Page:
The Duluth Huskies were bad in the first half of the Northwoods League season, historically bad, so bad it was enough to even make someone like 76-year-old superfan Joe Garson leave Wade Stadium in disgust.

So one couldn’t help but be skeptical when the Huskies talked all warm fuzzies at the half. After all, their pitching staff had more holes than a fishing net.

But skeptics be silent, as evidenced by the Huskies’ stellar 10-4 second-half start, best in the Great Plains East and capped by Friday night’s 11-4 beatdown of the Thunder Bay Border Cats, the Huskies’ seventh-straight victory before 1,099 at Wade Stadium.

“This is kind of what we’ve been anticipating as a staff,” said first-year Huskies manager Marcus Pointer. “We took some lumps, but it’s all come together now.”

It sure came together Friday, with the Huskies pounding out 15 hits. Eight Duluth players had hits, with Alex Tappen and Collin Hopkins leading the way with three apiece, including a monster home run by Tappen. Danny Zimmerman also added a big-time homer to straightaway center, and newcomer Kyle Jacobsen — a Milwaukee Brewers’ draft pick in 2017 — continued his torrid start by going 2-for-4 with a run and RBI.

Jacobsen, a center fielder from Hillsborough Community College in Tampa, Fla., was with the Huskies last year. He is batting .571 through four games, and his return is especially key to a lineup that just lost Northwoods League All-Star Nic Kent, a University of Virginia second baseman whose college coach wanted him back and healthy.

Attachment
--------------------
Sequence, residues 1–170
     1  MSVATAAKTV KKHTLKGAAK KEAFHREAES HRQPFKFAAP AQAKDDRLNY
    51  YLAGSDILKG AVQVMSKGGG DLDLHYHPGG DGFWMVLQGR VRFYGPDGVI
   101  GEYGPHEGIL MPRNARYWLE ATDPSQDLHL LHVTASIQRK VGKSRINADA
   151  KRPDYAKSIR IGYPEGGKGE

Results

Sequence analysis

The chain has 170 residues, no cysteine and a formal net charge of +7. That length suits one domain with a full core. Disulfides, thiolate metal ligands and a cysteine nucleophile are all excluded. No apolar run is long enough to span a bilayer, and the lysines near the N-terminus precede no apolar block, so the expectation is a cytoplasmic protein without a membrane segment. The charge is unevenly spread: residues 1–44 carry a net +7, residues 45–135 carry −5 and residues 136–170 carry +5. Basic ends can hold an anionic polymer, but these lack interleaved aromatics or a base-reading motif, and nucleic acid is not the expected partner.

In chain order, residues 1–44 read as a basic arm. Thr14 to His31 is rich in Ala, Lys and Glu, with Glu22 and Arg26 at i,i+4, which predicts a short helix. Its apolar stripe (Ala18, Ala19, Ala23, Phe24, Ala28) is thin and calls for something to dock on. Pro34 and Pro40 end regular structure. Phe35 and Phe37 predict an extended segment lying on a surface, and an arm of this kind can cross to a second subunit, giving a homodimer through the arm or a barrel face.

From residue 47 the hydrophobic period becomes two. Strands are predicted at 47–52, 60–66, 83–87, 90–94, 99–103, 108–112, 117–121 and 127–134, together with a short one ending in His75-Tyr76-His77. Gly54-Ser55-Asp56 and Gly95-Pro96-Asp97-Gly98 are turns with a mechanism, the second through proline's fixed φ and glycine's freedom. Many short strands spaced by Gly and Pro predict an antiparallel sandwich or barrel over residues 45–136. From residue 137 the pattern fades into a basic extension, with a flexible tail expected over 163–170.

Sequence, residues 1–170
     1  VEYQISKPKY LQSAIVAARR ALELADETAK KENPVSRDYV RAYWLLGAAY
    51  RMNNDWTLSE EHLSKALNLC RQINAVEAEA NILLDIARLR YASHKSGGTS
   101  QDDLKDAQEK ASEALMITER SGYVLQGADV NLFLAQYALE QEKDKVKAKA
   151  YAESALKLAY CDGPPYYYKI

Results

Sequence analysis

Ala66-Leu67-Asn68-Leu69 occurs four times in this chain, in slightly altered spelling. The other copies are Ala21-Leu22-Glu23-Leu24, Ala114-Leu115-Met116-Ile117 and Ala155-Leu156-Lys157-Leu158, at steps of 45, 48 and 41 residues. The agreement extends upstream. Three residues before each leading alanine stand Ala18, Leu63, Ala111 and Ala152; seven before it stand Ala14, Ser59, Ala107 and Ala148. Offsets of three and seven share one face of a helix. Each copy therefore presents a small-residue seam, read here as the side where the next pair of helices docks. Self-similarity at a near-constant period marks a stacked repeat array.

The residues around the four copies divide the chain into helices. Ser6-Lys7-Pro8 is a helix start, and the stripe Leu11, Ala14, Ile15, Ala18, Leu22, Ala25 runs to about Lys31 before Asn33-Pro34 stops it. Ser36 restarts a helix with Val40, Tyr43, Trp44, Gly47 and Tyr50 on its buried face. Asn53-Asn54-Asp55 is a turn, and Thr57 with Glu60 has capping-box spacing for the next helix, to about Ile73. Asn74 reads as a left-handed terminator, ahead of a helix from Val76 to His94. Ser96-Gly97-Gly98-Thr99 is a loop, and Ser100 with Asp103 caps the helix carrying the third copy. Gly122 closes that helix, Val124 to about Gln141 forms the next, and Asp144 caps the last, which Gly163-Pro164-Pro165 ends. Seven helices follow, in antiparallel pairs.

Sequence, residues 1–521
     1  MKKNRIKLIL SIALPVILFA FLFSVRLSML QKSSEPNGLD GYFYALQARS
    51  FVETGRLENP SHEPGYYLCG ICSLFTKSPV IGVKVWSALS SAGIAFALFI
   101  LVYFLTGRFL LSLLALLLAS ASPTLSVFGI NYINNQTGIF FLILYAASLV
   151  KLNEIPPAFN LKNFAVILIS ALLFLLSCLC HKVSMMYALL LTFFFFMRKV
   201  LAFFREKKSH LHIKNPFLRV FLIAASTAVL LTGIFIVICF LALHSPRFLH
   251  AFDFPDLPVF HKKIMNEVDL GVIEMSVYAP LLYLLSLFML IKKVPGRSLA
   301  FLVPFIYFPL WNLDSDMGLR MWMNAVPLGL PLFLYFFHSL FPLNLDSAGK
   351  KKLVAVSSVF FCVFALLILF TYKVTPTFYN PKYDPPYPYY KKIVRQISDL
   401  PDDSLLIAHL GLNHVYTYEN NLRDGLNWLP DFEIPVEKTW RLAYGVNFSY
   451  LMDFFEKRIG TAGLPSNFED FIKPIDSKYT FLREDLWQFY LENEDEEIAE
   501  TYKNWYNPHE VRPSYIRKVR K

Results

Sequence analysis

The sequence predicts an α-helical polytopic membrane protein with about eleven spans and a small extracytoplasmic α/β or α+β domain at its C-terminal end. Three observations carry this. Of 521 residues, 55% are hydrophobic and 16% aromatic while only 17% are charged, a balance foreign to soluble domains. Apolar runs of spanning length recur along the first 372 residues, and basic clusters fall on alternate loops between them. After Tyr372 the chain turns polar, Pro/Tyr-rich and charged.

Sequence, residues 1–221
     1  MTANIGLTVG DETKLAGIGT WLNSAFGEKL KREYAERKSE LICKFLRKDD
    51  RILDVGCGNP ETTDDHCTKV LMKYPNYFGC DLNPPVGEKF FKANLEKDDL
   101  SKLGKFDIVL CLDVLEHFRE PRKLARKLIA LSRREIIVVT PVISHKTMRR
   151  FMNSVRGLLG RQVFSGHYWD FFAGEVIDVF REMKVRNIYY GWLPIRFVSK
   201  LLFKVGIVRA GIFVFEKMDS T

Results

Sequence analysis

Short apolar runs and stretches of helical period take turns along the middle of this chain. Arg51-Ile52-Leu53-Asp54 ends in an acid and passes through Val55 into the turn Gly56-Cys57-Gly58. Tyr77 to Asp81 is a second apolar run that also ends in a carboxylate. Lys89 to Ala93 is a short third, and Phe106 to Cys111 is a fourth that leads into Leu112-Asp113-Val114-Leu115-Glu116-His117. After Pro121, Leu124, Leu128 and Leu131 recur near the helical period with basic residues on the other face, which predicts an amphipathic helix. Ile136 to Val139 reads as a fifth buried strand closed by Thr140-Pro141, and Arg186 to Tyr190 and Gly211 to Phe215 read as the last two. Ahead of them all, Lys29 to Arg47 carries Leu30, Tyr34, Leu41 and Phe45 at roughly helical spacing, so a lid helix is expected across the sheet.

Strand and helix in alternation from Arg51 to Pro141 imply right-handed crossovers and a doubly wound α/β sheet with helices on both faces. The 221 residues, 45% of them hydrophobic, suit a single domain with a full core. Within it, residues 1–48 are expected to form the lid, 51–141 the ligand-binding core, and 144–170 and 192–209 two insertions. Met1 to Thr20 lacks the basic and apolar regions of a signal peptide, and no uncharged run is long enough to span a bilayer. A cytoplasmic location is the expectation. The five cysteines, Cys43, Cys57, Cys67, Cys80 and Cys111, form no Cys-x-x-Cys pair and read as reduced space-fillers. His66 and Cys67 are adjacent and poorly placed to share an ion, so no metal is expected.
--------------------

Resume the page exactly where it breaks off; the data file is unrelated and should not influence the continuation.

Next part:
“Nic is a true professional and has a bright future,” Pointer said, before describing Jacobsen in a similar fashion. “Kyle is extremely talented, with skills through the roof. I consider him one of the top prospects in this league.”

The reason Jacobsen joined the Huskies so late is because there was a chance of him hooking up with a Major League Baseball organization. He added a nice basket catch in the fourth inning to snuff out a Border Cats’ rally. After last year's Northwoods League runner-up finish, Jacobsen said he had no qualms about joining a team that struggled in the first half of 2019.

“Last summer was a lot of fun. We obviously did really well and had a great group of guys,” Jacobsen said. “It happens to everybody. Struggling is really all baseball is. It's a grind, it's rough, but staying positive is all you can do. It's all about how you bounce back from it.”

That's just the type of player the Huskies want in their locker room. While Jacobsen has helped shore up the outfield, the Huskies were bringing in infielder Channy Ortiz from Grand Canyon University on Friday night.

Shortstop Max Gamm had two hits and three RBIs on Friday, and second baseman Lance Ford added a hit, run and RBI, so the Huskies’ middle infield isn’t exactly bare.

Meanwhile, on the mound, Ricky Reynoso of University of the Pacific allowed two earned runs in five innings to get the win.

“It starts with pitching,” Pointer said of the Huskies’ second-half turnaround. “We’ve cut down on the walks, and we’re getting quality starting pitching. We’re able to play with a lead, instead of behind all the time, so we continue to run and be aggressive on the base paths. And the guys are playing better defense, too, so it’s just been an all-around better game.”

Huskies’ bytes

Augie Isaacson, the 2018 Northwoods League player of the year for the Huskies, was with the Huskies on Thursday and the team had hoped to sign him, but the league put the kibosh to that, having just completed his senior year. Isaacson continues seeking a team to give him a pro tryout.

“Augie is continuing to work out,” Pointer said. “Honestly, I don’t know why he hasn’t been picked up, because he’s kind of put up video-game numbers everywhere he’s been. He’s determined to get in.”

  • Former Huskies owner Bobby McCarthy attended Friday’s game.